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Strategy To Pick The Right Child Custody Lawyer 
Law 

It can be terrifying to think about having to fight for the opportunity to spend time with your kids. But, having an experienced gig harbor custody attorney on your behalf can make a huge difference. These attorneys specialize in family law and have extensive knowledge of custody disputes.

In many cases, spouses can arrange a custody arrangement outside of court by working together besides keeping the kids’ best interests in mind. However, there are situations when one parent’s viewpoint on what is best for the kids is very different from that of the other.

What to Ask a Child Custody Attorney? 

  • Similar situations: What is your background in custody disputes, and what kind of outcomes have you seen? What approach do you take in situations like mine?
  • The district court: Have you ever worked in the court where I will present my case?
  • Mediation: Do you favor litigation over alternative conflict resolution, such as mediation? (Remember that trial costs will be much more than going to mediation and settling with your ex.)
  • The second attorney: Do you have any prior experience collaborating with or opposing the other lawyers representing me in this matter?
  • Cost: How much do you bill per hour? Will there be a retainer charge? (Most lawyers will request a retainer, which is a large sum that will be placed into a separate account and subtracted from when your expenditures climb.)
  • Monetary options: Are credit cards accepted here? Is there a cost associated with using a credit card?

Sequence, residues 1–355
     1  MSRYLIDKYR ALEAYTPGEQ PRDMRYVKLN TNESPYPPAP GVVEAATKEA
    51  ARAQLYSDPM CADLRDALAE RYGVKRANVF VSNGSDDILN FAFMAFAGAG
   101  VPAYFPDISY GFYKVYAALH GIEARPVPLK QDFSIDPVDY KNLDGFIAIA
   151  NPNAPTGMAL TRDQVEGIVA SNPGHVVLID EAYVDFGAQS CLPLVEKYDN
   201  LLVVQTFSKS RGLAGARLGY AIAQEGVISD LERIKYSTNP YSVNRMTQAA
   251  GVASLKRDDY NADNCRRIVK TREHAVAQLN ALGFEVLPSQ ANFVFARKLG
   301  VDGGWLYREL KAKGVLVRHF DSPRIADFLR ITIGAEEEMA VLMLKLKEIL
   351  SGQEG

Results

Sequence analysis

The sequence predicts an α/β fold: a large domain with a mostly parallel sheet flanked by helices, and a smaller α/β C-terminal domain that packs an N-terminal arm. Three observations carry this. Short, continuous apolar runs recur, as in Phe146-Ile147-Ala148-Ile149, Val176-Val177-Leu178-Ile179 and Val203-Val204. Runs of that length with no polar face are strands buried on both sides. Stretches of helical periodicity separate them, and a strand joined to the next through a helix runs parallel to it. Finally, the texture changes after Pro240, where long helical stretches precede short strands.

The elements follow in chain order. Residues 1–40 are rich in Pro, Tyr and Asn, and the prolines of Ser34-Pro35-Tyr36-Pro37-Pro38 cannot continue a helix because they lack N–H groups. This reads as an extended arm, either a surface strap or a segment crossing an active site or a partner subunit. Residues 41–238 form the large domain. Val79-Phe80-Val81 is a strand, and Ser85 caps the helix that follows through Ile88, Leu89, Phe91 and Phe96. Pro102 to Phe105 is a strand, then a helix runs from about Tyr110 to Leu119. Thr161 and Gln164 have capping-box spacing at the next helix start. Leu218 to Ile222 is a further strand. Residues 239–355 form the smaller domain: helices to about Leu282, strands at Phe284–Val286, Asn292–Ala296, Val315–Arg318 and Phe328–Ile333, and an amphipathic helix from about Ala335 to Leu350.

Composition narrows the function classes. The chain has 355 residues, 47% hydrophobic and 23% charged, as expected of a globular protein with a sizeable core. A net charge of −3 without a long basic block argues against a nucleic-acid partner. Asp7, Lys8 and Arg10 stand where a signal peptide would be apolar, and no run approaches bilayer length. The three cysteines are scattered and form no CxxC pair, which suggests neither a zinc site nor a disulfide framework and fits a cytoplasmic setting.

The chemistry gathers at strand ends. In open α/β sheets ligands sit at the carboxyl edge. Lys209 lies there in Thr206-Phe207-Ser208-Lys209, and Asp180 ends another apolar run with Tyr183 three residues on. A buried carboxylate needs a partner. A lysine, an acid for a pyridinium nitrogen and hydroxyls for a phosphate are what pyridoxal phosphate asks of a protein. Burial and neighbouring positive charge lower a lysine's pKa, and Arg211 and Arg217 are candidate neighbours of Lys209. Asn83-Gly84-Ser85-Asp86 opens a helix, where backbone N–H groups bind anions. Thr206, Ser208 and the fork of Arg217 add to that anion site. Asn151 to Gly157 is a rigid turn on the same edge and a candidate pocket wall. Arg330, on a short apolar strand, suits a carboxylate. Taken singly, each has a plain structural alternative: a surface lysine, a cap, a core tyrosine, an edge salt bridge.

• Other employees: Who else is going to be handling my case? (It’s vital to ask how well the lawyer will conduct your case; you’ll like to know how you’ll be approaching support staff with inquiries or will have a connection to the lawyer directly.) Lawyers in some legal firms will assign casework to support staff members like paralegals, associate lawyers, or secretaries.
  • Pay scales: When a paralegal or secretary handles my case, do you bill me at a separate hourly rate?
  • Attending court: Who will speak for me before the judge? (In certain firms, more than one lawyer may be allocated to a case. You should inquire if another lawyer might assist on your case or manage court proceedings.)
  • Obligations to the client: Why do you require me, exactly? (Most lawyers will want new clients to submit a thorough intake packet to collect data for filling out your court filings.)

It’s extremely likely that you won’t need a lawyer if you’re able to sit down with the other parent of your child and work out the specifics of legal and physical custody, visitation, and child support. But, If not, you may require the services of a mediator, an attorney, or maybe both.

News Reporter